Murat Bardakçı

From Wikipedia, the free encyclopedia
Jump to: navigation, search
Murat Bardakçı
Born Murat Gökhan Bardakçı
25 December 1955
Nationality Turkish
Occupation Journalist, Economist
Known for Musicology, History of the Ottoman Empire during World War I, , Decline and modernization of the Ottoman Empire, Islamic History Journalism
Notable work The Remaining Documents of Talaat Pasha

Murat Gökhan Bardakçı (born 25 December 1955) is a Turkish journalist working on Ottoman history and Turkish music history. He is also a columnist for Habertürk newspaper.


Bardakçı was born in 1955 in İstanbul. An economist by training, he was trained in Turkish classical music by some of the most-reputed contemporary masters, in tambur and singing at first, with his primary interests directed more towards theory and musical history later. He published several researches on musical history (notably the biographies of the composers Abd al-Qadir Maraghi and Refik Fersan) and with the start of a journalistic career in Hürriyet, expanded the scope of his writings on Ottoman and general Islamic history, with marked emphasis on the 19th and the early-20th centuries. Two of his books on the end of the Ottoman dynasty, "Son Osmanlılar" (The Last Ottomans) and Şahbaba (literally, The Emperor-father), a biography of Mehmed VI Vahideddin, became best-sellers in Turkey, the former also having been carried over to the screen in the form a TV serial.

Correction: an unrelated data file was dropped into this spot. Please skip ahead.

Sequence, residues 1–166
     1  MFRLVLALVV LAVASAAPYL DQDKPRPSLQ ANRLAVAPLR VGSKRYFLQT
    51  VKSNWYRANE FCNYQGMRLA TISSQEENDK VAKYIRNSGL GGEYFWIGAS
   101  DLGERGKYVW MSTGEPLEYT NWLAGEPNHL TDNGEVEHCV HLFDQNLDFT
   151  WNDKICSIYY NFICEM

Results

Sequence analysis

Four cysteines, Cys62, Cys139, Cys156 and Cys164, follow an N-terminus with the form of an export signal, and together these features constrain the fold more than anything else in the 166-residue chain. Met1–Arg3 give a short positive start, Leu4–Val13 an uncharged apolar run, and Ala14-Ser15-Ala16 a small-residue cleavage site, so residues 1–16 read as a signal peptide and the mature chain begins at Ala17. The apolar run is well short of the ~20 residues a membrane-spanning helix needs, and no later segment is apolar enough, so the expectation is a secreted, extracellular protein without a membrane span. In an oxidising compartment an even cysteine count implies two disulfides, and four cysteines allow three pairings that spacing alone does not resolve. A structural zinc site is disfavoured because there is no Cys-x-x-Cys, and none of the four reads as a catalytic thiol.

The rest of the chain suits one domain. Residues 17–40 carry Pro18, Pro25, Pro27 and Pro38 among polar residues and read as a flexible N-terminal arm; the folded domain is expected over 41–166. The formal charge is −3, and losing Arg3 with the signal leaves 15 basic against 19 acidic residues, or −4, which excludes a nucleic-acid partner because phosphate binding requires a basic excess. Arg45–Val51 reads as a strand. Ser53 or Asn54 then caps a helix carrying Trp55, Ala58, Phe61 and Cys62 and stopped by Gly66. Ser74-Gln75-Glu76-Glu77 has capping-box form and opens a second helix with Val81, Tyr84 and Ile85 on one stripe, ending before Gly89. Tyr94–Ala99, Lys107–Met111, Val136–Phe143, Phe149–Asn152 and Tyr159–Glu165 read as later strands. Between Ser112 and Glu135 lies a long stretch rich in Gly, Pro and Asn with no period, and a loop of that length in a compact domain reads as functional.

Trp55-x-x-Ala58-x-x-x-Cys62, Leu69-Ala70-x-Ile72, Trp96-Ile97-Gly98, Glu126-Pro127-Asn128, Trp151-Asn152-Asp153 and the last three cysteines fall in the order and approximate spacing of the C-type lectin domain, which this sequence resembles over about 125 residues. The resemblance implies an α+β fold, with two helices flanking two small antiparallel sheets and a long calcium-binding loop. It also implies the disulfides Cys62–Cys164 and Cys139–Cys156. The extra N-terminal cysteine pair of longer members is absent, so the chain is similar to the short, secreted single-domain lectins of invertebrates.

He married Ayşegül Manav in 2009.[2]

Since 2008 he has co-hosted the history programme "Tarihin Arka Odası" (The Backroom of History) and its successor "Tarihin İzinde" (On the Track of History) with historian Erhan Afyoncu and several others, including Turkish art historian Nurhan Atasoy, on Haberturk TV.[3]

Talat Pasha's Black Book[edit]

Murat Bardakçı is the editor of the Black Book, Ottoman Minister of Interior Talat Pasha's recording of relocations of Turkish-Muslim and Armenian Christian Ottoman citizens in World War I conditions. Published by Bardakçı for the first time in 2005,[4] they were handed over to him by Talat Pasha's widow, Hayriye Talat Bafralı, along with a batch of other documents comprising letters he had sent her and telegrammes exchanged between Committee of Union and Progress members. In April 2006, Bardakçı re-edited the black book in full, adding parts that were missing in the first publication. The 1915-1916 resettlements cited in Talat Pasha Black Book of 702,905 Turks from regions under threat of occupation by Russian forces and of 924,158 Armenians in accordance with 27 May 1915 Tehcir Law are qualified as exposing the genocide by one Armenian source which goes on to recall the clauses of the 1948 UN Convention on Genocide.[5]

Criticism of Wikipedia and disputes[edit]

Bardakçı's view of history and arguments in his columns and programs lead to some disputes in Turkish media. Besides this, he is critical of the accuracy of Wikipedia. Giving the example of his own biography on Wikipedia having falsely put forward that he had 4 children, and emphasizing the negative implications of such an accessible source upon students' academic performance in the form of plagiarism,[6] he declared that (Turkish version) Wikipedia should be banned.[7]

On the other hand, although he emphasises that he is not a historian, his works mainly contain historical documents and its interpretations and yet he can be qualified as being close to the English school of history writing in the context of historical method or historiography but this side of his works usually finds no reference in his books.



External links[edit]